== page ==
There are four major considerations in bottle slumping: cleaning, placing, firing, results.
A major consideration in slumping bottles is the cleaning required. This requires a lot of time, as everything has to be clean inside and out.
Labels and the glue attaching them must be cleaned off. The interior needs to be clean. And the bottle needs to be dry before being placed in the kiln.
Soaking first helps the cleaning process. If you are doing large numbers you will need to find large containers that you can leave the bottles in to soak for a couple of days. For small numbers, a few bottles soaking in a bucket of soapy water will do. The bottles should be upright to allow the internal residues to float to the top. After a few days the labels should have fallen off and the internal deposits floated to the top or easily washed out. Screen or plug the sink to be able to remove the residues from the sink before it gets into the drain. Then you can proceed to rinse and clean the bottles.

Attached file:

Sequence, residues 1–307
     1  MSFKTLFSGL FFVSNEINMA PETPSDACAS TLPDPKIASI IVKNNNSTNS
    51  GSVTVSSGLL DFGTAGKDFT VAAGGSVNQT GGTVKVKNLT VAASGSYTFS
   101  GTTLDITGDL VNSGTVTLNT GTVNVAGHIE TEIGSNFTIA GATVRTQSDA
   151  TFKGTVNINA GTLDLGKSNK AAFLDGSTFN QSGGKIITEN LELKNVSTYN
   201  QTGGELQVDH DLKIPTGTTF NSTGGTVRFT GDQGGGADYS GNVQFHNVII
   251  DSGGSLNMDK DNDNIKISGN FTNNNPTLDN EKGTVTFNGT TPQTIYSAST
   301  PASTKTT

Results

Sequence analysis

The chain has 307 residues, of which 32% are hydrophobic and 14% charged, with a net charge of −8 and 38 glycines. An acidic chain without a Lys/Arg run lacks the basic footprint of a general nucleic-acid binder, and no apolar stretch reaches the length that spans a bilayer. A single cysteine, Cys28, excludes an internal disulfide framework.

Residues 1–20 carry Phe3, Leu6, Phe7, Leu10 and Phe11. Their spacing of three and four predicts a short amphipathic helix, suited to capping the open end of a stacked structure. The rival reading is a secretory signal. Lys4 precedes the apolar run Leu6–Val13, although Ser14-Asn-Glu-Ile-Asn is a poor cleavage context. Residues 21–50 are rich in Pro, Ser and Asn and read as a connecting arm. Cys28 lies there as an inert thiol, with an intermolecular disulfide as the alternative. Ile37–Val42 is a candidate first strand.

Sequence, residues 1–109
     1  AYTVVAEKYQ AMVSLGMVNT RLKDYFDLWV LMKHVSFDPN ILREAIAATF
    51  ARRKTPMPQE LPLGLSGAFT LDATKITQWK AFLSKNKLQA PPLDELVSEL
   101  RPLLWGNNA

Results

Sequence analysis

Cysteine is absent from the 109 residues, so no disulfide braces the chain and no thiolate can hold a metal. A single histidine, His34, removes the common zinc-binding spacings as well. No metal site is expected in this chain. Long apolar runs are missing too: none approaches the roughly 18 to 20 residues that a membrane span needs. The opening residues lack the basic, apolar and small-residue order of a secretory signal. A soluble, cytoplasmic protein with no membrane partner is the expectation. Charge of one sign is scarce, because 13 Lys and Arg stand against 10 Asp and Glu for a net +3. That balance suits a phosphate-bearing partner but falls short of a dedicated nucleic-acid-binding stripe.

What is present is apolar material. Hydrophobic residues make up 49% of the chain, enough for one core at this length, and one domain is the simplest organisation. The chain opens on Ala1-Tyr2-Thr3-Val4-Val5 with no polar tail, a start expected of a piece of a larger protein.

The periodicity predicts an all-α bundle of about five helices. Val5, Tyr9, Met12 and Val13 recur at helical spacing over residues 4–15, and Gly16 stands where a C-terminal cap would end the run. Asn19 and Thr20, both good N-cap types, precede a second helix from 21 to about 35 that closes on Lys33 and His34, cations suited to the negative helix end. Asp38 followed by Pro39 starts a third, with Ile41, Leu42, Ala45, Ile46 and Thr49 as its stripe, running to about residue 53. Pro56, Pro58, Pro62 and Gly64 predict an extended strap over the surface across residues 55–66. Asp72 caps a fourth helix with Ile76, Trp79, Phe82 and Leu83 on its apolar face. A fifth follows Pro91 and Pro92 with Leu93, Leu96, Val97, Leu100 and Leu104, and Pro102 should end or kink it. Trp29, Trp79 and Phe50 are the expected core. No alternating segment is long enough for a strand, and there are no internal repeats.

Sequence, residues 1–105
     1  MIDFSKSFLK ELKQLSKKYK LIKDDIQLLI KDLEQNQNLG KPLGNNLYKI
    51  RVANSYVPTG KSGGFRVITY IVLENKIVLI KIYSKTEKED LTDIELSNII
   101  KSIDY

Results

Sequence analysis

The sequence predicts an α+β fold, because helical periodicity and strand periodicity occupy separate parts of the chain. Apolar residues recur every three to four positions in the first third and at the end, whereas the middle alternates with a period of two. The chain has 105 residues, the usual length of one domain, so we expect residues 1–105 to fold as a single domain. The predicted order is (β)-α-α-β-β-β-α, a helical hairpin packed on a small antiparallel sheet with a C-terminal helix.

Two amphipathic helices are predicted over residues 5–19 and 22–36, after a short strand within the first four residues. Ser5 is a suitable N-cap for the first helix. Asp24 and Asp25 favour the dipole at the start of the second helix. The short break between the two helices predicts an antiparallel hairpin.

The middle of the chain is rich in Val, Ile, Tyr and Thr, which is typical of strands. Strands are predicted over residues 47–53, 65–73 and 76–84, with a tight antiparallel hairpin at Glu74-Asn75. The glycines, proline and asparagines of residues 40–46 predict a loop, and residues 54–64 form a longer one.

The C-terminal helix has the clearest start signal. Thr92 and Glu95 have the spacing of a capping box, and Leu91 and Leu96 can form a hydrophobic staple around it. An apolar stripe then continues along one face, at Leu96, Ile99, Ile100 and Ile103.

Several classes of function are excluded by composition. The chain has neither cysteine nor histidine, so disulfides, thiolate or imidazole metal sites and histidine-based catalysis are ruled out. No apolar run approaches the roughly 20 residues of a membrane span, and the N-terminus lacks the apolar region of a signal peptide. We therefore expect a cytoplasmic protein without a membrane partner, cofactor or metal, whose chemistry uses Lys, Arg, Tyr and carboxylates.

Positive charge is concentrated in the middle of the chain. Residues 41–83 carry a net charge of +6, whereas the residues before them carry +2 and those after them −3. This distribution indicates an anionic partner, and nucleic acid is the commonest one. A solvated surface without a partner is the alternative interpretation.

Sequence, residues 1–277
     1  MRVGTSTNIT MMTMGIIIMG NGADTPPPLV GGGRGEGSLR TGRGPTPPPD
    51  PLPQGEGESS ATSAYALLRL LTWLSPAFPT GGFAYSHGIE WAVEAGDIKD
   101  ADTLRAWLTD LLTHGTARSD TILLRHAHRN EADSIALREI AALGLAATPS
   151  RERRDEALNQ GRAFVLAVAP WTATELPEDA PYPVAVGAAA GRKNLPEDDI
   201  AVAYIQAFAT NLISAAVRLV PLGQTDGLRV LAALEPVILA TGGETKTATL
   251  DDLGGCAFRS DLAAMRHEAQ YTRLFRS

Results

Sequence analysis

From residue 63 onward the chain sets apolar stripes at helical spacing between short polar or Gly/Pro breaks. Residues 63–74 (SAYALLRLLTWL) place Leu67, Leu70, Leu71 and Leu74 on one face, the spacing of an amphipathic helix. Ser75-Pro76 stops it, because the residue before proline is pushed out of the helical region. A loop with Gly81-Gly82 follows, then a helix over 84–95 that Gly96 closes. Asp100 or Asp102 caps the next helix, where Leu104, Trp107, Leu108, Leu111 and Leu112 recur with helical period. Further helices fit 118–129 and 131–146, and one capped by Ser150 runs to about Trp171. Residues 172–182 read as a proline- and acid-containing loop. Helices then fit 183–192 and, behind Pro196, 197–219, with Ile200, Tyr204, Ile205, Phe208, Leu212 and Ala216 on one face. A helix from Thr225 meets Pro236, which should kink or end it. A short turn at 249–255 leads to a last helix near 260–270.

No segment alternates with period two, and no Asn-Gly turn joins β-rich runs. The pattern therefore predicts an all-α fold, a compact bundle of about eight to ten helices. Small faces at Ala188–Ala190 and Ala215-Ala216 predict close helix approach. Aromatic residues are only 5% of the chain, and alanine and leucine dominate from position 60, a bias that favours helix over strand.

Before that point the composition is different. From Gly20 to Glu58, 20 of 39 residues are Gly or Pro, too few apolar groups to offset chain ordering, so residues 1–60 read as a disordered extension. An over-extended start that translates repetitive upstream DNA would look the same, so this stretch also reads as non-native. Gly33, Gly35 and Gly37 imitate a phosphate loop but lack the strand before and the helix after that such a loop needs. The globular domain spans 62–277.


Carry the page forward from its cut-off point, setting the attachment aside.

The bottles will need to be wiped free of the glues used to stick the labels to the bottles. Any glue residue left on the bottle will show up on the finished piece, usually as devitrification. If the glue or label has not come off with the cold water and soap soak, you can soak them in very hot water. You can then use a variety of solvents to remove the most persistent adhesives.
For the difficult internal deposits, you can use one or two short lengths of small chain and slosh that around with water. The chain used for hanging small stained glass panels is ideal.
As you can see the cleaning process is lengthy and can be time consuming. So you might want to see if you can get new bottles at a reasonable price. Home brew shops may have bottles they are willing to dispose of. Bottling plants may also have supplies of bottles. New bottles will greatly reduce the labour of bottle slumping, although it does not fit the re-cycling ethos that brings people to bottle slumping in the first place.